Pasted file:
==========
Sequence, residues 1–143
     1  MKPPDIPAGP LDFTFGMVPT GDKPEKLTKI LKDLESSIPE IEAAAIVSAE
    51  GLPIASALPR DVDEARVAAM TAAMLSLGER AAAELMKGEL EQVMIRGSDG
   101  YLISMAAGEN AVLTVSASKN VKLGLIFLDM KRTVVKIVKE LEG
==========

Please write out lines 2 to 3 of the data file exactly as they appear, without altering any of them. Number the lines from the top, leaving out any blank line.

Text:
     1  MKPPDIPAGP LDFTFGMVPT GDKPEKLTKI LKDLESSIPE IEAAAIVSAE
    51  GLPIASALPR DVDEARVAAM TAAMLSLGER AAAELMKGEL EQVMIRGSDG